By RAHEEM KASSAM
There’s plenty of things we can say we would have done differently at the onset of COVID-19. I was originally supportive of Mike Pence’s taskforce, and the 14 days to slow the spread. I regret that. Though I don’t regret calling it out as a lab-leaked virus from day one.
Donald Trump surely has his own regrets, expressed through his repeated disowning of Antony Fauci, Deborah Birx, and many of the bureaucrats who we now know colluded to provide him with incorrect information. Perhaps you don’t recall the anger from the corporate media when Trump called out the falsification of data, and attempted to stop it informing policy.
But there’s more that keeps niggling at me about the way Trump’s opponents – mostly DeSantis surrogates – now deal with that issue.
They point to DeSantis’s (scarcely better) record. It’s true to say the Florida governor course corrected faster than Democrat leaders across the country. But it’s ludicrous to argue that Florida was operating “as normal” throughout COVID.
As a reminder, DeSantis declared a public health emergency in March; limited beach gatherings and restaurant occupancy; issued an executive order closing down businesses; imposed quarantine orders; set up highway checkpoints; issued stay-at-home orders. He was even far behind Arkansas, Iowa, Nebraska, and both North and South Dakota in defying Tony Fauci.
When he did re-open his state, he admitted he was “following President Trump’s recommendations to reopen.”
But the campaign talking points from Team DeSantis aside, there’s something everyone seems to ignore: the origins of the COVID-19 taskforce, and the beginning of Operation Warp Speed.
Trump’s first Health and Human Services Secretary Tom Price made Big Pharma very uncomfortable. Which is why they briefed his “unorthodox” views on mandatory vaccination to the Washington Post’s health reporter Amy Goldstein. The article quotes someone from Avalere Health – a D.C. health policy consultancy firm – who said: “I’ve seen people with extreme views come into government and take the position very seriously, and I’ve seen people with extreme views come into government and pursue their specific interests.”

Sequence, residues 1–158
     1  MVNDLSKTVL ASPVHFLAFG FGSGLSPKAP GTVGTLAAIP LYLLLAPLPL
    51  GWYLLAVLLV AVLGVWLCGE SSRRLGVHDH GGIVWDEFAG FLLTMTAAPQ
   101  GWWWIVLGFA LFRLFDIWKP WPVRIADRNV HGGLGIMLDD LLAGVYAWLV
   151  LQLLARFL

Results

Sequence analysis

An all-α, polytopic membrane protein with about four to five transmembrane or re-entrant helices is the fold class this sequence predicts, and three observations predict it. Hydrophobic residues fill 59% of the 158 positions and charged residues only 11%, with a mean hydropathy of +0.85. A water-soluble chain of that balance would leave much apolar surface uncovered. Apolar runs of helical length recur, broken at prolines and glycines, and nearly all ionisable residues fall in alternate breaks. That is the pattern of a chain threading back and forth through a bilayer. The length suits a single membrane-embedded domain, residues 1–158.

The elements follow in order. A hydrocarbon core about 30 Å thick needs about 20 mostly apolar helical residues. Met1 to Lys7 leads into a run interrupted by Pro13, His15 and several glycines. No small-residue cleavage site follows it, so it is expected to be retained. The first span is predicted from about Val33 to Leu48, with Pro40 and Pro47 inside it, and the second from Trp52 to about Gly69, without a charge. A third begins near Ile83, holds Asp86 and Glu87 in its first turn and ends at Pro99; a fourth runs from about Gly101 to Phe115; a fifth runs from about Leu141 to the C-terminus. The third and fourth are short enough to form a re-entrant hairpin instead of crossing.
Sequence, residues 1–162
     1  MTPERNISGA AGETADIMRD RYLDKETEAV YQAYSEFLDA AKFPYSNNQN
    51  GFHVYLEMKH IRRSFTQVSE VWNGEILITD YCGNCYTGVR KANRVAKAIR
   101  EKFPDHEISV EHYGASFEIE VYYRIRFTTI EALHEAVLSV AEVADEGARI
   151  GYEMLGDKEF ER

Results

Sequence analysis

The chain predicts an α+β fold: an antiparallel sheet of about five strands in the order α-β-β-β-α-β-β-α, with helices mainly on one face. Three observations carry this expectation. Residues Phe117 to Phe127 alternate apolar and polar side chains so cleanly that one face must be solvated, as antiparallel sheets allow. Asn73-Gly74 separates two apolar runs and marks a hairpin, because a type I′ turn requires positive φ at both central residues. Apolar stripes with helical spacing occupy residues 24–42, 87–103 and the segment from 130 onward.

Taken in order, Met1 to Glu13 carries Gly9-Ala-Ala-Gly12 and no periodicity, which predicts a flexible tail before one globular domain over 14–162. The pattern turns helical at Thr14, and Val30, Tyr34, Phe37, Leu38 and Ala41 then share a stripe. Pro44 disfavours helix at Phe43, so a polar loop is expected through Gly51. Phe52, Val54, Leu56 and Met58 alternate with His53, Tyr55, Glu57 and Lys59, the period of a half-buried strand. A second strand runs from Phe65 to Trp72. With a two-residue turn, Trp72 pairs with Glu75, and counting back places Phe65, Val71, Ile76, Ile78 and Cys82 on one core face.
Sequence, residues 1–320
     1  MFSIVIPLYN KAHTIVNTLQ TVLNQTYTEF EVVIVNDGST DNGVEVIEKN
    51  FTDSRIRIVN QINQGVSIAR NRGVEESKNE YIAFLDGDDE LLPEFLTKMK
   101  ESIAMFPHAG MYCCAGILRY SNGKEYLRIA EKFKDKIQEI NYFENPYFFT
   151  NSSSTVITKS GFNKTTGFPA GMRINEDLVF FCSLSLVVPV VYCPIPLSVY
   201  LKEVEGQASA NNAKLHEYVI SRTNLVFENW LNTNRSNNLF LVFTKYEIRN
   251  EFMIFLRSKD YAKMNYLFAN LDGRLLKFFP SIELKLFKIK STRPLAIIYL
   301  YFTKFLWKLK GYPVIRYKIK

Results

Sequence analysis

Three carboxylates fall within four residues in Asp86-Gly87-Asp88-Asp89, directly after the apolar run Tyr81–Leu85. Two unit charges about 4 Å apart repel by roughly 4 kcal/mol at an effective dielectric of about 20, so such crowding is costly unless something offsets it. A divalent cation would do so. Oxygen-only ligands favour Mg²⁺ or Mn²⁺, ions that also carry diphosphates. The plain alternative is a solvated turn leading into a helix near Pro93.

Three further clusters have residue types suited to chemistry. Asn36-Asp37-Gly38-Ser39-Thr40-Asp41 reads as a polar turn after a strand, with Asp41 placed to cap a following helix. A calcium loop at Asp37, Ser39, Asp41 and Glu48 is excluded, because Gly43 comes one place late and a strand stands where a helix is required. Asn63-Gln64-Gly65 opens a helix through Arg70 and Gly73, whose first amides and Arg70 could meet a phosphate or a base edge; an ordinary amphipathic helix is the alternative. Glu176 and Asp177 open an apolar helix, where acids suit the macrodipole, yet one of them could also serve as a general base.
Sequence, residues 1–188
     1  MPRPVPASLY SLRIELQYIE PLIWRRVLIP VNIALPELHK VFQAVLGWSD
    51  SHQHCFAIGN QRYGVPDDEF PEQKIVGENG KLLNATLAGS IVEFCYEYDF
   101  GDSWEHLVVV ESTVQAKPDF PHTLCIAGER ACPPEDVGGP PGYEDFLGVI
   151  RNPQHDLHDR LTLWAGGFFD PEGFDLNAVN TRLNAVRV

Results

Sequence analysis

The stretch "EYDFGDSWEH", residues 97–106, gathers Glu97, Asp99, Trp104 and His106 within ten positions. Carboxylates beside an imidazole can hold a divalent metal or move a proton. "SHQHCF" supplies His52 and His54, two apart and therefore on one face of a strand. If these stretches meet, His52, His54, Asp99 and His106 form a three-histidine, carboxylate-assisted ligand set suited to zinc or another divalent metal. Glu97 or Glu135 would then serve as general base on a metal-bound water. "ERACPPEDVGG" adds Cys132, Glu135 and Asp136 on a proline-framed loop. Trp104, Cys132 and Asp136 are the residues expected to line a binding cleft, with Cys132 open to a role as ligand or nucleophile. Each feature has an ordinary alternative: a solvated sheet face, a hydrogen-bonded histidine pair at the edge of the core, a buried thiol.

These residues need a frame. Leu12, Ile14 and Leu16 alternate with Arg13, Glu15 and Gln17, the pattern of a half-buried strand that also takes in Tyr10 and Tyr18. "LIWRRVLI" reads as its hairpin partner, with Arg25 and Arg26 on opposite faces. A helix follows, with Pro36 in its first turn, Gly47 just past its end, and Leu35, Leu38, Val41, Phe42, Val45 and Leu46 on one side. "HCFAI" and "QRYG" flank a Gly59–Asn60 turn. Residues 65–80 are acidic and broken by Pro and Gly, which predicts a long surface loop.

The “extreme” position at the time? That Price used to be a member of the Association of American Physicians and Surgeons (AAPS) which at the time opposed mandatory vaccination as “human to human experimentation.” Avalere Health, for what it’s worth, is led by a woman called Elizabeth Carpenter, who previously worked at the globalist New American Foundation, which receives most of its funding from the Bill & Melinda Gates Foundation, and even the United States Department of State. The swamp runs deep.
Price was released from his role in 2017 after five Democrats complained that he was spending too much on air travel. Those Democrats? Reps. Frank Pallone and Richard Neal, alongside Sens. Patty Murray, Ron Wyden, and Gary Peters.
Murray and Wyden are, in fact, amongst the largest recipients of Big Pharma cash on Capitol Hill. Pallone, Neal, and Peters all also receive Big Pharma cash. We’re talking tens of thousands each over just one year. The top donors? Pfizer, Abbott Labs, Johnson & Johnson, GSK, and Regeneron, amongst others. Quite the coincidence.
Alex Azar was the man Mike Pence recommended, telling Trump he could receive Senate confirmation as a replacement for Tom Price. Pence knew Azar from Indiana, where Azar had worked as the President of Lilly USA, a subsidiary of pharma giant Eli Lilly.
Curiously enough, Avalere pops up again in a quote, from another article by Amy Goldstein, in November 2017: “…he is well accepted by Democratic policy people by having good policy wonk credentials,” said Dan Mendelson of Avalere, adding: “he will bring stability to this agency. He really understands the mechanisms of HHS.”